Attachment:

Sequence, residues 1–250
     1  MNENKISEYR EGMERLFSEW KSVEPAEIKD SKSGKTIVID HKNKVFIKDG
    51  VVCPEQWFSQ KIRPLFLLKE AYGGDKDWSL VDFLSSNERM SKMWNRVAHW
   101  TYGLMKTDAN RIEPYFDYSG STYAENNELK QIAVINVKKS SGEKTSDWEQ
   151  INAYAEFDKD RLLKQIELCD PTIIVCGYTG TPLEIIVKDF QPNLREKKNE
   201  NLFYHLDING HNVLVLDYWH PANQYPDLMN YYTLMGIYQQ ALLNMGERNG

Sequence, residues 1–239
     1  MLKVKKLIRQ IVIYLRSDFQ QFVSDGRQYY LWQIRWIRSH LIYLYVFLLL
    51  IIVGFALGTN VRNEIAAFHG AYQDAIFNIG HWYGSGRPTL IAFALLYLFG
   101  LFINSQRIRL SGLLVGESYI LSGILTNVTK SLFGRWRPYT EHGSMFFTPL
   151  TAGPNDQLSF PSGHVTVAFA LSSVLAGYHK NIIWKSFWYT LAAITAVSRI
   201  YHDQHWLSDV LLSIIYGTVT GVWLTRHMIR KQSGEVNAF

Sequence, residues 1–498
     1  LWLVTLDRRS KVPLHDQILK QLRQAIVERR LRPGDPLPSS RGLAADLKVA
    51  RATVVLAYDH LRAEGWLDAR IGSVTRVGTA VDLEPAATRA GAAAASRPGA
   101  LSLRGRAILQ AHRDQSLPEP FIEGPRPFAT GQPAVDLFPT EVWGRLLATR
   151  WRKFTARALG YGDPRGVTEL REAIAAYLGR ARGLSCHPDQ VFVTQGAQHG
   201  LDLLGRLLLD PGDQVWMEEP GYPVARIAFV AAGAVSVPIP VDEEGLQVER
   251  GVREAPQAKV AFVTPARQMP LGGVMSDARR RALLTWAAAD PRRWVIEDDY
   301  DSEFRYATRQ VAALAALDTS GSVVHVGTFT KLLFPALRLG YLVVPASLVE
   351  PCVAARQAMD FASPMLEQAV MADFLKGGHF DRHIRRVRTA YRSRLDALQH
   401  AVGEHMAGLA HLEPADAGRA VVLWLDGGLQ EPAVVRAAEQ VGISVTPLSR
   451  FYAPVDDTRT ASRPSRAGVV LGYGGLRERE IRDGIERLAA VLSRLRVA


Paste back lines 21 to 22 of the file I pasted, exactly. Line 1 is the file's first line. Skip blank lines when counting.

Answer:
   351  PCVAARQAMD FASPMLEQAV MADFLKGGHF DRHIRRVRTA YRSRLDALQH
   401  AVGEHMAGLA HLEPADAGRA VVLWLDGGLQ EPAVVRAAEQ VGISVTPLSR